Elevated purpose comes from inside us and is not something that lies out there waiting to reveal itself. Steve Jobs chose to convert even the shadow of certain death into a creative engine, and used the limited time he had to propel himself into giving us more. He lived the life he chose for himself and showed us that we all have the same option. The choice is always ours.

Rahul Jauhari, national creative director, Everest Brand Solutions

Firstly, let me confess. I am an Apple fan-boy, and a shameless one at that. I was a sworn PC user until a few years back. Then, a Macbook happened to me and that was it. iPod, iPhone, Macbook Pro, Mac Air, iPad. No more PCs or BlackBerrys for me. My interest in photography has grown multi-fold because of the joy of shooting and sharing with an iPhone. My blogging experience has got richer. At home, my kid has a ball with her iPad. In office, ask any 'Art' person -- he/she will swear by a Mac. Steve Jobs did change a lot of things for people like me.

As a marketer/leader, he has been iconic -- brands would kill to be a fraction of what he has built Apple into. He's been a walking-talking case study for years. Anything said, will be less.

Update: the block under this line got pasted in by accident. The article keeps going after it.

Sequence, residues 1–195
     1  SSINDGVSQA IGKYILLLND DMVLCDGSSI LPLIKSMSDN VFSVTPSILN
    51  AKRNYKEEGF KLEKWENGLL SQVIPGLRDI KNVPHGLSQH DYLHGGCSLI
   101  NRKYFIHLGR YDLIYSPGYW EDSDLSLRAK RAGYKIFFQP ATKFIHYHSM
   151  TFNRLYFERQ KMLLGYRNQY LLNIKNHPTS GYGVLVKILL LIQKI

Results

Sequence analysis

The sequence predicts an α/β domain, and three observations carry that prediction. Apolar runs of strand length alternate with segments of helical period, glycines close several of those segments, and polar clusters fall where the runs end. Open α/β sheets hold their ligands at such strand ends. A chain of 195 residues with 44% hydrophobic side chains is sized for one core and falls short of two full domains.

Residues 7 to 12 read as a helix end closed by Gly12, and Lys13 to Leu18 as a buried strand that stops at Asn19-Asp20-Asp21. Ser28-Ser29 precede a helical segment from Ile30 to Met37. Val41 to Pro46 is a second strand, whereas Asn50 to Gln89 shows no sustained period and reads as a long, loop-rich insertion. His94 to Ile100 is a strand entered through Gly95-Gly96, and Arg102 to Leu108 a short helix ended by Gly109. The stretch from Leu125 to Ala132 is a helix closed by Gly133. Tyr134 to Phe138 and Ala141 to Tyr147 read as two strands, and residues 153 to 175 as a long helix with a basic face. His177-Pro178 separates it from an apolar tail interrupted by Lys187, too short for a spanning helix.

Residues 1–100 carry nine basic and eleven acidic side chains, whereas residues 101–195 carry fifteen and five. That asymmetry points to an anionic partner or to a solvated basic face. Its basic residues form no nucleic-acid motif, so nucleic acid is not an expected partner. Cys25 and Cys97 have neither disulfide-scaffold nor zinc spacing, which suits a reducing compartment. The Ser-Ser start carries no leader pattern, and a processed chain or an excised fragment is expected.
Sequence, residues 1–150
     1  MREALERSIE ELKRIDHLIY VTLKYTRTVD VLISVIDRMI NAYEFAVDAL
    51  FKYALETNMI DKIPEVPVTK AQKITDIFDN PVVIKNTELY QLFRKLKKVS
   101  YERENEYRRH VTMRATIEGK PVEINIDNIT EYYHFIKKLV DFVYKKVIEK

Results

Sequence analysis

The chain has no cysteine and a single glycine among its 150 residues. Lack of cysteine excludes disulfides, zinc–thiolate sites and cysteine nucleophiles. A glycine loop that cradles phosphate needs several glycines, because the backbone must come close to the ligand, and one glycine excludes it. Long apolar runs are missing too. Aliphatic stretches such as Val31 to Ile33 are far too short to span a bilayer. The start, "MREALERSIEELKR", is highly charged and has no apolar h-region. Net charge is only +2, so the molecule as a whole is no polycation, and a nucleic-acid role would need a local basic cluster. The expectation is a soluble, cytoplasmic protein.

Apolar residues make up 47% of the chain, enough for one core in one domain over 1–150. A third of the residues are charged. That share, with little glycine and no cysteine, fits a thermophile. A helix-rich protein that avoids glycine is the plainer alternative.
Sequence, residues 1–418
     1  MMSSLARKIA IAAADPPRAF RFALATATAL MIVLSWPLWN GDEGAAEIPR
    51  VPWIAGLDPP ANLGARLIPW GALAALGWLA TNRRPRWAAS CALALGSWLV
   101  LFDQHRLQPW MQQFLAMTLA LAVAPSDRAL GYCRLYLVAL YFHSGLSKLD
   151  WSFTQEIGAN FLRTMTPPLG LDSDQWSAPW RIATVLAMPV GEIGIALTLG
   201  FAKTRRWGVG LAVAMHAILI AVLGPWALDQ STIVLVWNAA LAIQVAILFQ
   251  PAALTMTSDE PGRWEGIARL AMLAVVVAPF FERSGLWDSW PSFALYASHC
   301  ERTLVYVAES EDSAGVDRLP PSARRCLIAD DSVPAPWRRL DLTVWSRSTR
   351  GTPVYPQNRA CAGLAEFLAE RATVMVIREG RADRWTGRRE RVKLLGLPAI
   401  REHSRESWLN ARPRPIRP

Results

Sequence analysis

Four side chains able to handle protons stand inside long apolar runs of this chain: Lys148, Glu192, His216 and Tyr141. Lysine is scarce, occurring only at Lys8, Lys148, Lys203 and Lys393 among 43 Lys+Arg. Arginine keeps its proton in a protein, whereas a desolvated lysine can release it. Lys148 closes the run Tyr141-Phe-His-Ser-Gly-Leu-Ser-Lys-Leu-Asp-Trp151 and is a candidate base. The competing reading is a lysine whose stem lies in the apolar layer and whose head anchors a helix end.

His death? I think the massive outpouring of emotions worldwide says it all. Personally, I have deeply admired the man for the sheer passion he displayed. The news of his demise came as deep shock. Fifty six is no age to go, even though we all knew about his struggle with cancer.

Jobs is a man whose story will continue to tempt many like me to drop everything and go entrepreneurial. Every day.

Bharat Kapadia, media and marketing consultant,

The biggest inspiration he gave everyone was that being an innovator doesn't mean that you have to be an inventor as well. He never invented anything, yet his products made the biggest difference in our lives.

His personal life had lots of ups and downs, but he took everything in his stride positively. While he was on the verge of dropping out of the college, he was busy studying calligraphy. At that time it did not have any meaning in his life, but ten years later he used his knowledge in fonts for computers. Today, we all use it so extensively in e-documents.

When he was asked to step down from his own company Apple, he did not let it slow him down. Instead, he went to build Pixar Animations, which made the first animated Hollywood film, and launched Next Computers.

When he was detected with cancer, he decided to treat every day as the last day of his life; when he felt that he had not done anything worthwhile in the last two three days, he decided that it was time to take a re-look at the way he was going about.

He was a remarkable source of inspiration, someone who practised what he preached -- negatives should not bog you down in life.

(With inputs from Sumantha Rathore)

First Published : September 25, 2014 04:04 PM